The Truth About Reprints
by Wendy S. Delmater, Editor
One constant, recurring query we get is the question, “Do you take reprints?” Despite a very clear statement in our general guidelines that says, in boldface, that we do not accept unsolicited reprints there seem to be an awfully large number of writers who hope that they can talk me into buying their previously published works.
Maybe if I link this editorial to that section of our guidelines I can clear up some of the confusion. At least, I hope it’s confusion. I live to be positive, people. It could not possibly be that no one is reading our guidelines, now, could it? Perish the thought.
First of all, I’d like to point out the fact that once your story is on the internet it can leave a permanent record: even if the site is pulled, Google may have a cached document. As an example, let’s take my flash fiction story “Snake Oil” which was published online April 30, 2004. If you Google on the title and my name, you get this
…just for starters. My first electronic rights to this story are gone, people.
Example number two: Before safewrite.livejournal.com was my main online presence I had a website, where I posted a sample of my fiction – something that had been sold to Gateway SF in 2002. A Google search eight years later brought up this
Again, my first e-publishing rights to that short story are gone.
The bottom line for previously e-published stories: don’t even ask if your piece has ever been published online. Since we buy first electronic rights, those have already been taken by your previous publisher. No matter how prestigious they were or how little or how much money you made: Sorry, but we cannot accept any story that has previously been put up on the internet. End of story.
Limited print publication.
This leaves the subject of previously print-published stories. We are an original fiction market; unless you are C.J. Cherryh or Michael Swanwick your reprints are the last thing on our minds. So when you, as an author, try to sell me your story anyhow you give me the initial impression that you are a one-hit wonder who cannot come up with something new (an impression I’m sure you don’t wish to make.) I don’t even want to hear about reprints! Nevertheless, since I get the same questions over and over and over— they are the majority of my queries some months—it is time to codify my response.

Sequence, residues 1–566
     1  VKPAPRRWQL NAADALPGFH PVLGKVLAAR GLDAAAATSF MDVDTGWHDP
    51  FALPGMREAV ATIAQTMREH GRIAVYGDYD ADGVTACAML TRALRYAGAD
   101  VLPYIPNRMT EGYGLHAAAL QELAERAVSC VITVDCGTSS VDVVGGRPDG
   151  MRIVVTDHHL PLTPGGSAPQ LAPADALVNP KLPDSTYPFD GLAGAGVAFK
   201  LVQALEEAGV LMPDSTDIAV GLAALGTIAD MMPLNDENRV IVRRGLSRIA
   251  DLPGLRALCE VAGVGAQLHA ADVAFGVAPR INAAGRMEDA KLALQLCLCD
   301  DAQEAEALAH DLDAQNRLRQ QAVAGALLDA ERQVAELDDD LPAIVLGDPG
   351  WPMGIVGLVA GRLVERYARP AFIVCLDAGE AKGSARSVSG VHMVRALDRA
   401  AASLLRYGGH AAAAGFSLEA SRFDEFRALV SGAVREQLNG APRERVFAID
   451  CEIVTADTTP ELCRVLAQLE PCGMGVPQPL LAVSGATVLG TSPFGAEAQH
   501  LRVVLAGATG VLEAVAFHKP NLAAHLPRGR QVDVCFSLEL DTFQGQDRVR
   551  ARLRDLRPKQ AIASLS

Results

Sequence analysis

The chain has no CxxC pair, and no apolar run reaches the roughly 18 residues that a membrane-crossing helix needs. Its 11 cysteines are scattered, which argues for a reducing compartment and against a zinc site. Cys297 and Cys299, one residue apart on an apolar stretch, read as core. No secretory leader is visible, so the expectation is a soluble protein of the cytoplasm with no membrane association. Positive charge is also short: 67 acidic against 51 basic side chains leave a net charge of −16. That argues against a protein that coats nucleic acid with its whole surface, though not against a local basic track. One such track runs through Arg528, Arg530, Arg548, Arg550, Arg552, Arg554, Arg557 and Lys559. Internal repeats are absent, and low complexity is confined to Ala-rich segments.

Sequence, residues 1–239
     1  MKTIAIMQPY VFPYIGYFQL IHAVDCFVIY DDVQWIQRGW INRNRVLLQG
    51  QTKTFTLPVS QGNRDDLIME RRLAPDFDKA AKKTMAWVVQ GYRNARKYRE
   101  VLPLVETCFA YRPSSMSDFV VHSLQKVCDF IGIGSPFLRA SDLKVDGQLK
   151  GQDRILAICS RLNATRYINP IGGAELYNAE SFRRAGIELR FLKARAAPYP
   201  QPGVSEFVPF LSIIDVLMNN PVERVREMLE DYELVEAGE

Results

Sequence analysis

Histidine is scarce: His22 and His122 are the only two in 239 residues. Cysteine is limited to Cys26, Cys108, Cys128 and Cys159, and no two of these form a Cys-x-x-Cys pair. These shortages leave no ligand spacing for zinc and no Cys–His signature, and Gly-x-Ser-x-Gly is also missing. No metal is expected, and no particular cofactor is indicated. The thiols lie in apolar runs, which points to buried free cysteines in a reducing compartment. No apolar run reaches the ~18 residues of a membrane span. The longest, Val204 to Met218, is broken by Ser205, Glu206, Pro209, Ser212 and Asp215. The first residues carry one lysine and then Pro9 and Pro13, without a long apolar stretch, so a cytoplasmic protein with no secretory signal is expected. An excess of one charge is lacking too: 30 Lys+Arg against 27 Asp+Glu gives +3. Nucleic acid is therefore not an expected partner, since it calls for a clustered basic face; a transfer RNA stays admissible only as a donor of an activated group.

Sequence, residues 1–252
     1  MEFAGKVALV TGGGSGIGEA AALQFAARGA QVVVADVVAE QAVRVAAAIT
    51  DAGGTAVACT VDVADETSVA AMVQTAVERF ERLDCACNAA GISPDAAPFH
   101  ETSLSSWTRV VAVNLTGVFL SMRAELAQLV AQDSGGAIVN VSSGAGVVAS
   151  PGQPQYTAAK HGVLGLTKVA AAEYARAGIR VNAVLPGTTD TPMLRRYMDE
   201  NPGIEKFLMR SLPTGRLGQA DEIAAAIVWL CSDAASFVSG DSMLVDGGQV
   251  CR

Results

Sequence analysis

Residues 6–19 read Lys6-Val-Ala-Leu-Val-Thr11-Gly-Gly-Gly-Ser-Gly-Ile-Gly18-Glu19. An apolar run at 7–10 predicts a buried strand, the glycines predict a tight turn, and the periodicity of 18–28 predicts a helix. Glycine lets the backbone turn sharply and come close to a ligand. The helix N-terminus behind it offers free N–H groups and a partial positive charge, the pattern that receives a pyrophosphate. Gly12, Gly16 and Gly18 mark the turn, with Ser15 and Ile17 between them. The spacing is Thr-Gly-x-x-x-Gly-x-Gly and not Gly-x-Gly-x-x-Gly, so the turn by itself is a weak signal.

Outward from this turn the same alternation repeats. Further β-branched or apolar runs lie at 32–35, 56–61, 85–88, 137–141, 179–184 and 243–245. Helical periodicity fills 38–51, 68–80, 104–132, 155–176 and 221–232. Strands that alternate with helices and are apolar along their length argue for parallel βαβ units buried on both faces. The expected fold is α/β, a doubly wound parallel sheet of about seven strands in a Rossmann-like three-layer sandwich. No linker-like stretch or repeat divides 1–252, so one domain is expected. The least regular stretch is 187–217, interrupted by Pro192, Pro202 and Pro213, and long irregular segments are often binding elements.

I have a simple rule, logical for reprints. Was your story published in a venue where 1,000 copies (or less) were printed and distributed? Really, it’s that simple. If your story was physically printed less than a thousand times, in one venue only, we might look at it. A good example of the sort of thing we might consider is a short story done for a booklet only distributed at a convention as part of the programming. But understand that what we really want is original fiction, so you are already dealing with a massive hurdle to overcome.
Reprints. Why even bother sending them to A&A? Write us something new.
–Wendy S. Delmater
Editor, Abyss & Apex Magazine of Speculative Fiction
Editorial © 2010 Wendy S. Delmater. All other content copyright © 2010 Abyss & Apex Publishing.
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